Home >Industry >Retail >Small pack sizes, higher grocery bills rule FMCG purchases in south: Survey
The grocery bills of South Indian states are on an average higher than the rest of India. (Mint)
The grocery bills of South Indian states are on an average higher than the rest of India. (Mint)

Small pack sizes, higher grocery bills rule FMCG purchases in south: Survey

  • Overall five states in South India contribute to about 24% of overall FMCG sales in the country
  • South India spend roughly 7,892 on FMCG compared to 7,365 spent by the rest of India

New Delhi: Shoppers in India’s southern states indulge in small pack sizes, are more experimental, and spend more on an average on their household groceries compared to the rest of India, according to a study by research firm Kantar Worldpanel.

The research firm carried out a monthly consumer survey to study the annual shopping habits of households in south India, mapping the monthly purchases of fast moving consumer goods (FMCGs), their frequency of shopping, and what they spend on. India’s five southern states are more urbanized, economically ahead, better developed and even socially ahead of the rest of the country, Kantar said.

This, it said, has an influence on the shopping behaviour of households in the region.

The five south Indian states account for roughly 24% of overall sale of FMCGs, said K. Ramakrishnan, group head and general manager, Worldpanel division, Kantar in India. At 33%, southern states have a higher concentration of SEC A and B households than the rest of India that has 24% such households. Per capita net state domestic product (NSDP) in the south is well beyond 1,30,000 as opposed to a national average of 85,229. These states are also more urbanized than the rest of India, data sourced from census 2011 by Kantar shows.

All these factors “determine some level of affluence or a slightly more forward consumer demographic and that’s perhaps the reason they are experimenting", Ramakrishnan said.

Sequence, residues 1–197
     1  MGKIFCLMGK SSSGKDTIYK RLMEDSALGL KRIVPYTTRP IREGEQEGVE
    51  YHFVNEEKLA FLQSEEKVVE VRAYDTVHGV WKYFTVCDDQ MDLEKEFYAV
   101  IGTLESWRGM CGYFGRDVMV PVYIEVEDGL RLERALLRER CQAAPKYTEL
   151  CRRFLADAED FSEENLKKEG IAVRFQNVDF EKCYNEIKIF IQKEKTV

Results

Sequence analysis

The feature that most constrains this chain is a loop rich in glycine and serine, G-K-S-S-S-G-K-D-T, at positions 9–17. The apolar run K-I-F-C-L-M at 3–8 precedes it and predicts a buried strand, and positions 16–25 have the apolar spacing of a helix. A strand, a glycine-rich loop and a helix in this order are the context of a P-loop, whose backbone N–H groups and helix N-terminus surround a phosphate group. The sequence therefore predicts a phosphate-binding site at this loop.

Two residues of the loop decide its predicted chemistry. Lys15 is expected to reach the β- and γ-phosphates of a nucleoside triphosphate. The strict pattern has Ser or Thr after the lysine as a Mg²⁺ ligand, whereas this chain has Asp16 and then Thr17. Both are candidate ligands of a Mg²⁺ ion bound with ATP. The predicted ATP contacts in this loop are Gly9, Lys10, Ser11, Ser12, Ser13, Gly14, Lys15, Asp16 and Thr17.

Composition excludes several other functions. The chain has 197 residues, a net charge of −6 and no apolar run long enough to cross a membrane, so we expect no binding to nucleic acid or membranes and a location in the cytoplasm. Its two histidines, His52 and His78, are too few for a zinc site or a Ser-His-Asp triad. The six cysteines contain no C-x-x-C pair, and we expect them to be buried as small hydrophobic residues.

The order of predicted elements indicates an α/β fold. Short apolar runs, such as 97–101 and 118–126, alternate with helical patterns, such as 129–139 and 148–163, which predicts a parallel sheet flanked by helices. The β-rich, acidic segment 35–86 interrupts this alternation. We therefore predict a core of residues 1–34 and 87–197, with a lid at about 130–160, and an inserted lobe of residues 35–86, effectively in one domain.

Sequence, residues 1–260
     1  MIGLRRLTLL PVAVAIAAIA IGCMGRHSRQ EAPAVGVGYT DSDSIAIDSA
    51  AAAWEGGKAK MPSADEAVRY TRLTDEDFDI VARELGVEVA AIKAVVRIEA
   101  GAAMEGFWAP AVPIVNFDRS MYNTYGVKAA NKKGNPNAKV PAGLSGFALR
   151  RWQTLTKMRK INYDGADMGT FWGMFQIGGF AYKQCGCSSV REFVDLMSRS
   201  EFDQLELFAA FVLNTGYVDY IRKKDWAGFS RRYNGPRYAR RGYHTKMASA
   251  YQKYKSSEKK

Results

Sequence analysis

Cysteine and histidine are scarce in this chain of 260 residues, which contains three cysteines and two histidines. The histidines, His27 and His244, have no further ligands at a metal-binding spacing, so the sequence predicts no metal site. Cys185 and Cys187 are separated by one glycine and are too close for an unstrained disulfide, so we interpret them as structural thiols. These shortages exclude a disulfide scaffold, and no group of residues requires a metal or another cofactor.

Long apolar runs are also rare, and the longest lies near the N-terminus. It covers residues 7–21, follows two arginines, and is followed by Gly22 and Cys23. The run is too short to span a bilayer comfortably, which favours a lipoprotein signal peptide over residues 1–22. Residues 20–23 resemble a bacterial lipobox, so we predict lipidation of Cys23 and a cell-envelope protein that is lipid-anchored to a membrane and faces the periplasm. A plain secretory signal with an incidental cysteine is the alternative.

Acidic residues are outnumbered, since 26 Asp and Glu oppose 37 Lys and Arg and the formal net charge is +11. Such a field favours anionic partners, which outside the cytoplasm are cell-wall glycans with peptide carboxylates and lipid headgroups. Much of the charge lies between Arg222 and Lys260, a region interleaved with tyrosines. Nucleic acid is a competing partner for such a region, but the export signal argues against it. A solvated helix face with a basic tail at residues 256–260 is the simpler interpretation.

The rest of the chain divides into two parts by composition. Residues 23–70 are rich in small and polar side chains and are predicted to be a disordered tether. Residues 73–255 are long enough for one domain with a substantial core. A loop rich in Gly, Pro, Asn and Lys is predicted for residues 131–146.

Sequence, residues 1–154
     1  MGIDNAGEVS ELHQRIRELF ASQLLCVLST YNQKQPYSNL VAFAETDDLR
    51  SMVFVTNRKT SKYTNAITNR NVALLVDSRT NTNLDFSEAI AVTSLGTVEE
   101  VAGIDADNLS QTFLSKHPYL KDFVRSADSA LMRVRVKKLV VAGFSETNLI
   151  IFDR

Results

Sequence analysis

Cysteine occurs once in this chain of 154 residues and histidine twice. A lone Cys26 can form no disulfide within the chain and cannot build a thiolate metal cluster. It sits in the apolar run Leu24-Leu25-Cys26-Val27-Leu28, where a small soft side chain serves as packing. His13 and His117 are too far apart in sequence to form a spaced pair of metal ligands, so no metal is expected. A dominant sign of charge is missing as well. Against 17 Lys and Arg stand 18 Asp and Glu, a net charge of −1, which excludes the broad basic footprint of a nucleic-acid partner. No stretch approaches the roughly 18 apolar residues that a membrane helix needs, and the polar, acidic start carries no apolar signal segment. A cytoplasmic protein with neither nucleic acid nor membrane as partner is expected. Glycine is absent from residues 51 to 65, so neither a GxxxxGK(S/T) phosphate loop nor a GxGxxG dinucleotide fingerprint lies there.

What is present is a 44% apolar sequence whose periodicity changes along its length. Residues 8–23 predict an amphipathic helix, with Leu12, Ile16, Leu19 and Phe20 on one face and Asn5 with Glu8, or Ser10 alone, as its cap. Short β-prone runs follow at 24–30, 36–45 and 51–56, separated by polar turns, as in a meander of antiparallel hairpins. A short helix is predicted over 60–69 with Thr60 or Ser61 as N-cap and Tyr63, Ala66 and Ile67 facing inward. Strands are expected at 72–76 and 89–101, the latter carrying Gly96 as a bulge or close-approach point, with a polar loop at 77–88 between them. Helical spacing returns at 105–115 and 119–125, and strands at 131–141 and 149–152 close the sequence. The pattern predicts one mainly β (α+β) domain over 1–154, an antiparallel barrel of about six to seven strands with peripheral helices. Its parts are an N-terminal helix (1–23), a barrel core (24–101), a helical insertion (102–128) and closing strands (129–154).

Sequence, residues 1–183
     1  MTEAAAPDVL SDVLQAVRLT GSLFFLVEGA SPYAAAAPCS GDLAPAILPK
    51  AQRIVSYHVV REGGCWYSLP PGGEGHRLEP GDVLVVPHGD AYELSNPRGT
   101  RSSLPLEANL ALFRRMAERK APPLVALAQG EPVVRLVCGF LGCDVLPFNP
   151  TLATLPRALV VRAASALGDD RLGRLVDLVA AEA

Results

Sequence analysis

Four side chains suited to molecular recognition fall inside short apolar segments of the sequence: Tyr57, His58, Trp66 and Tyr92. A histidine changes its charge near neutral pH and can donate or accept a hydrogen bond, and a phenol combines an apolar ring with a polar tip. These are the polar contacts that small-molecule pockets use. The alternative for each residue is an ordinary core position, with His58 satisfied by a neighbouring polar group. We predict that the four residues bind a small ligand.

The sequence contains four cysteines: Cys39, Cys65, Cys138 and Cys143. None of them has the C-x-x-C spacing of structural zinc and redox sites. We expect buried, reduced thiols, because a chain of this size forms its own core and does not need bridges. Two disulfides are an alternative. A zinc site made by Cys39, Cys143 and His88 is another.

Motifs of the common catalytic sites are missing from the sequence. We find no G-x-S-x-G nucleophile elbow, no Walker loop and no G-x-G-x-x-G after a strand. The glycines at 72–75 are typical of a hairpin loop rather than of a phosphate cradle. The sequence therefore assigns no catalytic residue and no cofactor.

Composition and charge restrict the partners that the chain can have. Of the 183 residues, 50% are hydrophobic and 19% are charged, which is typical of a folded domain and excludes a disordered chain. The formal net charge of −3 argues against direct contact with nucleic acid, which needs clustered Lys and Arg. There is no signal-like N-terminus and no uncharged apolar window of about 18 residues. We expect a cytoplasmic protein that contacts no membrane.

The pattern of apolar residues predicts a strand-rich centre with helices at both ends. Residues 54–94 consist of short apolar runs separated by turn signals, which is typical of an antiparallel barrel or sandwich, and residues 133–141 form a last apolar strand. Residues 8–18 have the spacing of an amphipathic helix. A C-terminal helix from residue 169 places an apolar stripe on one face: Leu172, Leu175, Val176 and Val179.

The grocery bills of these states are also on an average higher than the rest of the country. Southern homes spend roughly 7,892 annually on FMCG compared to the 7,365 spent by the rest of India. These households also buy more small-sized packs, reflecting a shopper who is open to trying out new products, albeit at lower price points. “Southern households are in love with smaller packs," said Kantar’s research note, adding that the average pack size bought in the South is 178 grams (excluding packaged wheat flour), which is significantly less than the 215 grams average for the rest of India.

Clearly, though they buy small packs their preference to make fewer trips to the grocery stores causes them to buy more packs in one go. This is reflected in the number of packs bought—south buys 586 packs of FMCG in a year; while rest of India buys 534 packs. They spend more on food products and households care products, Kantar’s research showed.

“On average, southerners pay 31% more for household care products and 12% more for food and beverage products than the rest of the country," the study said.

The south contributes to a quarter of sales of packaged foods company Parle Products. Not surprisingly, it is a market where the maker of Milano cookies, and Parle G biscuits offers the maximum amount of stock keeping units. Evolved retail channels and consumers who are willing to spend on trying new, and more expensive products merits the presence of a wide variety, said Mayank Shah, senior category head at the Mumbai-based firm. “The south, unlike other zones, has a very well-developed multi-channel distribution. For instance, it was among the first zones to latch on to modern trade, and has also been a pioneer as far as digital marketplaces are concerned. Given these variables, the consumer in the south is far more evolved," Shah said.

Subscribe to Mint Newsletters
* Enter a valid email
* Thank you for subscribing to our newsletter.

Click here to read the Mint ePapermint is now on Telegram. Join mint channel in your Telegram and stay updated

My Reads Redeem a Gift Card Logout